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Wildfire - any unwanted and unplanned fire burning in forest, shrub or grass - is one of the most destructive natural forces known to man. Although sometimes started by lightning, 90 percent of wildfires are caused by humans. 

The severity of wildfires is determined by three major factors: 

Weather: Dry, hot and windy weather increases the likelihood of a major wildfire. These conditions make ignition easier, allow fuels to burn rapidly and increase fire intensity. High wind speeds, in particular, can transform a small, easily controllable fire into a catastrophic event in a matter of minutes.

Topography: Slope steepness is one of the most influential topographic features on fire behavior: As slope steepness increases, so does the rate at which a fire will spread. Other important topographic features include aspect (south and southwest slopes usually have more fires) and steep, narrow drainages (chimneys).

Fuel: Wildfire fuels usually consist of living vegetation and dead plant material. Houses may also become a source of fuel. 



Steps to Take to Minimize Risk of Wildfire on Your Trip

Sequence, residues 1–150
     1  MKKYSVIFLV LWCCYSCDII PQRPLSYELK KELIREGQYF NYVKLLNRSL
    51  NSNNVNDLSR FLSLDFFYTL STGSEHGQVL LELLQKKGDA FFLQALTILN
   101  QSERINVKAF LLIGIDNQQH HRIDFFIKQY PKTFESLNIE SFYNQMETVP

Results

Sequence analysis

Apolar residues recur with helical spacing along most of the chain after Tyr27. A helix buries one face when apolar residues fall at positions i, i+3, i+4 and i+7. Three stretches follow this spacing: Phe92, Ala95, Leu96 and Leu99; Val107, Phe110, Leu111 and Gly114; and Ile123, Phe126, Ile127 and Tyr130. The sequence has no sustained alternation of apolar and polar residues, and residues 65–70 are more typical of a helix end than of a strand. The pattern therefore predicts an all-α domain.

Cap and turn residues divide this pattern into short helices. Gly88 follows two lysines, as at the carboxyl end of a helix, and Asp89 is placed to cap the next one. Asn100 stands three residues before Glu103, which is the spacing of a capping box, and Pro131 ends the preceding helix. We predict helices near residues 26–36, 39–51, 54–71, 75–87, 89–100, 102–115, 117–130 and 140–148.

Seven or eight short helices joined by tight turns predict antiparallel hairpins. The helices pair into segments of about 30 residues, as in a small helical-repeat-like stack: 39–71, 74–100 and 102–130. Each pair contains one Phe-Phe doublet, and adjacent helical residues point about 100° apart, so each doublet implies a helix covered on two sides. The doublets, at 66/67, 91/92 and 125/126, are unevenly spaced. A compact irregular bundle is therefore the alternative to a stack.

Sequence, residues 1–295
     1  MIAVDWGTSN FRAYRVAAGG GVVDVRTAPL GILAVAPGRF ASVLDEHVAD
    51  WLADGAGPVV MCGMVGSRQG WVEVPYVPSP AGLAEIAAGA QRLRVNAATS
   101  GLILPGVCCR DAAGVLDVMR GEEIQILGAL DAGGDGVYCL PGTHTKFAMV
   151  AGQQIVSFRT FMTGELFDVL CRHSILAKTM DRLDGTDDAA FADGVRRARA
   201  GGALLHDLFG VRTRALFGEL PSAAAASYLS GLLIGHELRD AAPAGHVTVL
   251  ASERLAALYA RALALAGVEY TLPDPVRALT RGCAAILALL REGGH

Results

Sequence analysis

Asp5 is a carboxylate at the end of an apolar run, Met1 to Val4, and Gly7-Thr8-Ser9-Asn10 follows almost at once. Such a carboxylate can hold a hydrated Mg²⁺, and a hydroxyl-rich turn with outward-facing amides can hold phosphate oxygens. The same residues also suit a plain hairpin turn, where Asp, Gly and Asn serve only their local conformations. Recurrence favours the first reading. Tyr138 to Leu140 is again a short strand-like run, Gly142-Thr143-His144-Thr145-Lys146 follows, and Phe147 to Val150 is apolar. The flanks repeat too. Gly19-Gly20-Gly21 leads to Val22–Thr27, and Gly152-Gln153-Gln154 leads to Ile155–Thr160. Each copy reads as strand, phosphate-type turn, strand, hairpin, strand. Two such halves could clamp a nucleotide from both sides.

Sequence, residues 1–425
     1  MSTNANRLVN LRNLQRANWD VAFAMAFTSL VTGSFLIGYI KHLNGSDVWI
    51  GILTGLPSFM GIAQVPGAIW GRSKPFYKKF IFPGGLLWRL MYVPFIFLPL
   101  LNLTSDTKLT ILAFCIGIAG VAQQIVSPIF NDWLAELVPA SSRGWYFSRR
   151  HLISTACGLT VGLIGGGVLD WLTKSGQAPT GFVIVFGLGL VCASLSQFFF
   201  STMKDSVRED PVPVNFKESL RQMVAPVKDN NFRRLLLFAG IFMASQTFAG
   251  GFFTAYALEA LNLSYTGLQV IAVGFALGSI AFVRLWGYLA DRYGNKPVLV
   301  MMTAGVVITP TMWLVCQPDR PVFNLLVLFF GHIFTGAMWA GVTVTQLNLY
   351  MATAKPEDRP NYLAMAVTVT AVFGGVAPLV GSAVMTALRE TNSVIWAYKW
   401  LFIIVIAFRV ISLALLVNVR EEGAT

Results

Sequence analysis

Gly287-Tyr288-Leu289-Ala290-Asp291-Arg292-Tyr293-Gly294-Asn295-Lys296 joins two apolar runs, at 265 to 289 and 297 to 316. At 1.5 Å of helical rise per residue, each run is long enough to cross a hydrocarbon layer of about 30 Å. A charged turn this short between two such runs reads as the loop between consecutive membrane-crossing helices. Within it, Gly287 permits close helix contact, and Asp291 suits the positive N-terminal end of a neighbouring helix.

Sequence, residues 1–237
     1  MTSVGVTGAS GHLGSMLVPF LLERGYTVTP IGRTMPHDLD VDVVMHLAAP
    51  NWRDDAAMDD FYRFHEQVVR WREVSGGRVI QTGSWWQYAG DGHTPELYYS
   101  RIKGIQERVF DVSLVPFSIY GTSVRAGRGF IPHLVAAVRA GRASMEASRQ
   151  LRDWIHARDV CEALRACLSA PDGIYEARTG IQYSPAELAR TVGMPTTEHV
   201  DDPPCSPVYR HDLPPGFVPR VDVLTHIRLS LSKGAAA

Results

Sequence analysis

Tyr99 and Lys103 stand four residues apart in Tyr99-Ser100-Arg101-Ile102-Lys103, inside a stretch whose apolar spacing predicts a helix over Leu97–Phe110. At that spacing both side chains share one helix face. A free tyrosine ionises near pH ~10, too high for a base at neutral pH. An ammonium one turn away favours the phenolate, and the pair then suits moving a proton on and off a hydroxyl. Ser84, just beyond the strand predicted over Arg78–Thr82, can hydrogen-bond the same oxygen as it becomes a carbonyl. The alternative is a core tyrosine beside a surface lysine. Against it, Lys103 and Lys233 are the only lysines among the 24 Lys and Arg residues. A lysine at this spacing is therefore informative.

When planning a outdoor trip, develop a safety plan. Ensure that you are traveling to a safe environment and that you are prepared with the proper equipment to help keep the environment free of accidental wildfire. The plan should also address what to do in case you are threatened by a wildfire. 

Include the following in your safety plan:

  • Know the area. If camping, make sure to plan an escape route should you need to evacuate the area.
  • Develop a checklist. By following a few simple rules and reminders, you can help keep outdoor park and woodland areas safe.
  • Know if fire or travel restrictions are in effect in the area to which you are traveling. Call the local fire department, forest service or government representatives to make sure the area is restriction-free.
  • Be aware of weather forecasts. If you are traveling during fire season, avoid potentially dangerous weather patterns.

What To Do If Threatened by Wildfires
 

At the first sign of a wildfire, leave the area immediately by established trails or roads. Contact fire officials as soon as possible. 

If escape route is blocked, go to the nearest lake or stream. Stay in the water while the fire passes overhead or is stopped by the water barrier.

Contact local authorities via mobile phone or radio to notify them of your location and situation.

 

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